Ducey Says Creationism Has No Place In Arizona Science Curriculum
Arizona Gov. Doug Ducey said he supports keeping the theory of evolution under Arizona's science standards in public high schools and leaving religious theories of "intelligent design" to literature or history lessons.
His comments followed Superintendent of Public Instruction Diane Douglas' proposal that would allow biblical theories, under the term "biological diversity," to share equal space with the scientifically supported theories of evolution.
As a Catholic high school graduate, the governor said, "I believe in God. I believe God created humanity. And I believe there are evolutionary forces at work in nature."
Douglas has admitted she supports the teaching of "intelligent design,'' a concept that life forms have developed in such a complex way to essentially require planning by a higher power, presumably a deity.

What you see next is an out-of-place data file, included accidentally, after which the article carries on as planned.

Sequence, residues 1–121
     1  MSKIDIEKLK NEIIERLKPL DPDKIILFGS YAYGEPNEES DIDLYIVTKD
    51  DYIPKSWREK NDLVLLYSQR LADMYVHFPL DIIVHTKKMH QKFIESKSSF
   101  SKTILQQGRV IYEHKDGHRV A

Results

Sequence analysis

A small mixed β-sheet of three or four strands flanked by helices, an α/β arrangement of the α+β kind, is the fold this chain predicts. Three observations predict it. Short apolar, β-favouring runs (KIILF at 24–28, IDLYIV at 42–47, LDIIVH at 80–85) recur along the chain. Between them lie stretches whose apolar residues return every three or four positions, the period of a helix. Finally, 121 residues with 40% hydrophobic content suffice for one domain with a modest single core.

But, she has insisted that her personal beliefs have nothing to do with the changes. And Douglas pointed out that her proposed standards make no specific mention of intelligent design.
Ducey said as far as he's concerned, the concept of intelligent design or any sort of biblical concept of creation has no place in science classes.
"Intelligent designs wouldn't have been words that were used when I was in school. It would have been the story of creation, and evolution would have been part of the science curriculum," he said.
He said the two are not mutually exclusive and believes it's the same today at Catholic schools.
His remarks came on Memorial Day, the last day for public comment on Douglas' website, which crashed over the weekend.
The Superintendent told Capitol Media Services she may extend the site one more week before issuing a final decision on the standards.